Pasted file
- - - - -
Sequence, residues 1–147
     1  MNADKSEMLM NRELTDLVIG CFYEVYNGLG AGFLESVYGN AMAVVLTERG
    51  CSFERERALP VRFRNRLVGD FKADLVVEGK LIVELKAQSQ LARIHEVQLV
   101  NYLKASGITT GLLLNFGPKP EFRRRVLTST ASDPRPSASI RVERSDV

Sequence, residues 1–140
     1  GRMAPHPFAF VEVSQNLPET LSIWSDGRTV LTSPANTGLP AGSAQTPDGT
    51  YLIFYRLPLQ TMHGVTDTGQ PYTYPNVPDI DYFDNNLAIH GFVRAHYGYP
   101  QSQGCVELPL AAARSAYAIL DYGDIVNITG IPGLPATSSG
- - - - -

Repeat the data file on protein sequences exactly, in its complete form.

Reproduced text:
Sequence, residues 1–147
     1  MNADKSEMLM NRELTDLVIG CFYEVYNGLG AGFLESVYGN AMAVVLTERG
    51  CSFERERALP VRFRNRLVGD FKADLVVEGK LIVELKAQSQ LARIHEVQLV
   101  NYLKASGITT GLLLNFGPKP EFRRRVLTST ASDPRPSASI RVERSDV

Sequence, residues 1–140
     1  GRMAPHPFAF VEVSQNLPET LSIWSDGRTV LTSPANTGLP AGSAQTPDGT
    51  YLIFYRLPLQ TMHGVTDTGQ PYTYPNVPDI DYFDNNLAIH GFVRAHYGYP
   101  QSQGCVELPL AAARSAYAIL DYGDIVNITG IPGLPATSSG